In an article about South African led political negotiations in Madagascar, WSJ reporter Peter Wonacutt says a couple surprising things about Madagascar:
"Rich in vanilla, coffee, cocoa and minerals, Madagascar has long been an economic miracle waiting to materialize."
"the first since a military-led coup in 2009 upended one of Africa's most promising economies."
The article also shows a graph of the country's recent growth rates:
What the article doesn't show or discuss is Madagascar's demographics. Almost half of the population is below age 15. Population growth has averaged between 2.5 and 3 percent. Thus, per-capita GDP is not growing anything like what is shown in the graphic.
Mrs. Angus and I were in Madagascar for 3 weeks in 2008, before the coup. There was really only one good road in the entire country (from the Tana airport to the town to the Andasibe-Mantadia national park). Transportation infrastructure in the South and West was non-existent (We didn't visit the north).
Villages were filled with babies that had just had babies, and the country appeared not to have any old people at all. There was only one airline in the country and flights left whenever all the ticketholders arrived (this could be either substantially early or extremely late). One of the main occupations in rural areas was chopping down trees to make and sell charcoal.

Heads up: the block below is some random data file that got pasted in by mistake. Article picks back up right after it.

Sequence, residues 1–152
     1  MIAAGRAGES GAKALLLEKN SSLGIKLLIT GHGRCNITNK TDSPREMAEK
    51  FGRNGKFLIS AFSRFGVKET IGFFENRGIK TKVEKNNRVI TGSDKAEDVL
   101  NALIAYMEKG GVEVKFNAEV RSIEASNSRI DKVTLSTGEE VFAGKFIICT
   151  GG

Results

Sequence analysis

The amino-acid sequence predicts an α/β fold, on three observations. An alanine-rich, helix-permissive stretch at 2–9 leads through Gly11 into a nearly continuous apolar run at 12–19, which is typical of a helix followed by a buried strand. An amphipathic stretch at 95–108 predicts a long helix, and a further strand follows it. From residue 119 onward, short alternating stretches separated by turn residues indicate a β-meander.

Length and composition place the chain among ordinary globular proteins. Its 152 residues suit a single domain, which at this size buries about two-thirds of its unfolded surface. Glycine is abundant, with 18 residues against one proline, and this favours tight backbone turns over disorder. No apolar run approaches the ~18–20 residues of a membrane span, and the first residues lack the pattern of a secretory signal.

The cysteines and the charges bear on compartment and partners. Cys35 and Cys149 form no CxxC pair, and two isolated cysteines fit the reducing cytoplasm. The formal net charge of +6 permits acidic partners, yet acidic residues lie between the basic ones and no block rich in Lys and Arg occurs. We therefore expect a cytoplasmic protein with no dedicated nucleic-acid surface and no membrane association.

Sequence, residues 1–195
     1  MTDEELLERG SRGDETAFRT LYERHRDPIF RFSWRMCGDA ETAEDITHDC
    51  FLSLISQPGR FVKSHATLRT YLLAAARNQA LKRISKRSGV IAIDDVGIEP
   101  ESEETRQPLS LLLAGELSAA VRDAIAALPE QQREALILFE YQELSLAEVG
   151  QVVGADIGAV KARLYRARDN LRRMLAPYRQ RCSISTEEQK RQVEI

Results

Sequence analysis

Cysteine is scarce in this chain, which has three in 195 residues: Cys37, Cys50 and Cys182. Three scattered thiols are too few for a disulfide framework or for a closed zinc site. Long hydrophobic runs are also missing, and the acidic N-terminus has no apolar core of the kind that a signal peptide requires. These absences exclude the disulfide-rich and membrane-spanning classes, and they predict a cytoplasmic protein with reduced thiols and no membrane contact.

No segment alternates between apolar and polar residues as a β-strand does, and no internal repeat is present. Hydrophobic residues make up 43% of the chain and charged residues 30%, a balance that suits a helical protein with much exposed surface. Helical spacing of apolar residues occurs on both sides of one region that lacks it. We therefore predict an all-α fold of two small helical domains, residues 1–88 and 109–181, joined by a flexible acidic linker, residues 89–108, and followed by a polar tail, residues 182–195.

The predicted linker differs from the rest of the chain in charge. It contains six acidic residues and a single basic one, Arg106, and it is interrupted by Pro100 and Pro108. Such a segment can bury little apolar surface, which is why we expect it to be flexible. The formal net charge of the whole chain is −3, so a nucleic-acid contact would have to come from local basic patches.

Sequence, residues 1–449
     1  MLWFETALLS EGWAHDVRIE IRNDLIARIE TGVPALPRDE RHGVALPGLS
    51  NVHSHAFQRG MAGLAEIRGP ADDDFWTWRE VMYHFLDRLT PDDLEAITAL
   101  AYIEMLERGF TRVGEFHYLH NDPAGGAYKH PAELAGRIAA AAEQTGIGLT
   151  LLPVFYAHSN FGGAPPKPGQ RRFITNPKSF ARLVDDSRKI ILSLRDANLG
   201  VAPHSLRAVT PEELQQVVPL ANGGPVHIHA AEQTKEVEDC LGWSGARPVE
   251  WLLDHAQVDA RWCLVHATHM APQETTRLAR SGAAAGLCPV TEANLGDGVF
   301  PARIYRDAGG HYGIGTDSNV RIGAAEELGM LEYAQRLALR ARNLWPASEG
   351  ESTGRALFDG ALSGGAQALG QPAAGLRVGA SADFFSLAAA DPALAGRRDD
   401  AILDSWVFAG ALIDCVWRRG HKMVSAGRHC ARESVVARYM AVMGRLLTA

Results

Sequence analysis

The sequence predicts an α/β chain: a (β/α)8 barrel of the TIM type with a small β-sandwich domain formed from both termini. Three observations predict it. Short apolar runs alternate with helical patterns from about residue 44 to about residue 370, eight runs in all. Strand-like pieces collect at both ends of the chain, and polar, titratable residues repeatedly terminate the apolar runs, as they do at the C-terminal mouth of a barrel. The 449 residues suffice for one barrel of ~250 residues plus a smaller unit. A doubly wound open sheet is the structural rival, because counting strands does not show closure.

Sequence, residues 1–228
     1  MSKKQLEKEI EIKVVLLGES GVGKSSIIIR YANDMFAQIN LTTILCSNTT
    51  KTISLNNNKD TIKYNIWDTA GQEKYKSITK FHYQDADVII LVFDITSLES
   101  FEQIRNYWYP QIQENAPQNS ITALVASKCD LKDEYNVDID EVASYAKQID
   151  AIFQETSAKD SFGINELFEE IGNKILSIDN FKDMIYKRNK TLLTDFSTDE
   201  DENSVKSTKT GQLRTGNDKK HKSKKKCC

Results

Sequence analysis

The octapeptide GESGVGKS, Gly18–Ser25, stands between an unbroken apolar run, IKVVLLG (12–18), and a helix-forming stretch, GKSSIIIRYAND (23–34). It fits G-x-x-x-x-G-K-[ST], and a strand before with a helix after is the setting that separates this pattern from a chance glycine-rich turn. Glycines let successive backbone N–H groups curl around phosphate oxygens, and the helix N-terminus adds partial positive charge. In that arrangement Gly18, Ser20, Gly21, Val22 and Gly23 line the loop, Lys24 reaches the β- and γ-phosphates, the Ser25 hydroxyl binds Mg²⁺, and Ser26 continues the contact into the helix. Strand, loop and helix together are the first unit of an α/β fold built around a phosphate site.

Finally, exporting primary commodities has not proven to be a reliable path to achieving development.
Two caveats. First, I'm not a Madagascar specialist. But given my experiences in that country and knowledge of its demographics, I was stunned by the interpretation of its economy given in the article. Second, Mrs. Angus and I had a tremendous visit to the country. We thoroughly enjoyed it and would recommend such a trip to any semi-adventurous travelers.